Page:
Plaque pH falls each time acids accumulate due to bacterial acid production following the consumption of fermentable carbohydrates (mainly sugars). After eating and drinking, plaque bacteria can ferment sugars and starches to produce acid. Within five to ten minutes, the acid formed can cause the pH to drop to a level low enough for the minerals in the tooth's enamel to be dissolved (demineralization) causing initial lesions that can lead to dental caries.49 This drop in pH is commonly referred to as the acidogenic or pH challenge. The critical pH at which tooth demineralization begins is pH 5.5.

In a study by Jensen and Wefel, interproximal plaque pH responses to five different meals were investigated. All meals were found to be acidogenic, with pH challenges lasting well over one hour. The effects of chewing one sorbitol-containing gum and two different types of sucrose-containing gum for 20 minutes after the meal were examined. All three types of gum reversed the acid challenge of the meal and resulted in an interproximal pH level that is considered safe for teeth. This study indicates that meals can be very acidogenic and that, in addition to normal preventive dental procedures, chewing gum for 20 minutes after meal consumption should be considered to reduce the cariogenic challenge to the teeth.50

According to the medical literature, the use of sugar-free chewing gum following a meal consistently reduces the acidogenic challenge and, consequently, the risk of dental decay. Recent advances in sugar-free chewing gums, including the use of sugar alcohols and casein phosphopeptide-amorphous calcium phosphate nanocomplexes (CPP-ACP), are fast becoming a part of the dental armamentarium. As a supplemental means of plaque control, these types of chewing gum can be used as an additional route to improve oral hygiene compliance and overall oral health.

Of the many types of sugar alcohol available, the most widely used are xylitol, sorbitol, mannitol, maltitol, lactitol, and the commercial brand-name products Lycasin® and Palatinit®. While xylitol is generally considered superior to other sugar alcohols as a means of caries control, a recent study by van Loveren concluded that regardless of the sugar alcohol used, "chewing sugar-free gum three or more times daily for prolonged periods of time may reduce caries incidence." Similarly, the study also found that sucking candy containing xylitol could have a similar effect as chewing xylitol gum, although only two in four clinical trials found in the medical literature indicate that xylitol is superior to sorbitol in this regard, and no evidence has been found of xylitol having a caries-therapeutic effect.48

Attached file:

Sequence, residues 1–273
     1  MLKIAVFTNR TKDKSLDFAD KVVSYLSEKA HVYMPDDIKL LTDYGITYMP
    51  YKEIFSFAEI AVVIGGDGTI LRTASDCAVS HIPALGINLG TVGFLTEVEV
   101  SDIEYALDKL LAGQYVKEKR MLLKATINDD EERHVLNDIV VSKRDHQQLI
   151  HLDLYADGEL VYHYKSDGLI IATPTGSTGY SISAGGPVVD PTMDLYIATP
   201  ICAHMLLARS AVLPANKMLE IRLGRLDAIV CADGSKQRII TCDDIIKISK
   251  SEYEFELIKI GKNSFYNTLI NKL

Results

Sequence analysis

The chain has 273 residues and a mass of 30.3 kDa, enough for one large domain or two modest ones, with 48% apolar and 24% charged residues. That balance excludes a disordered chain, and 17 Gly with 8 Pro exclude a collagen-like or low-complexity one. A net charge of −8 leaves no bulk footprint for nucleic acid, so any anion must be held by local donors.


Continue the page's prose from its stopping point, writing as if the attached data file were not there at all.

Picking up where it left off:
A similar study conducted by Iijima et al. investigated chewing gum containing CPP-ACP (Recaldent®), which has been shown to have an anticariogenic effect. In the study, subjects wore removable palatal appliances with insets of human enamel containing demineralized subsurface lesions; both the CPP-ACP-containing gum and a normal sugar-free gum were chewed for 20 minutes each in four daily periods for two weeks.47 After treatment, the enamel was extracted and half of each lesion was challenged with acid in vitro for eight or 16 hours. According to the microradiographic evidence, the gum containing CPP-ACP produced approximately twice the level of remineralization as the control sugar-free gum, indicating that sugar-free gum containing CPP-ACP is superior in this aspect.49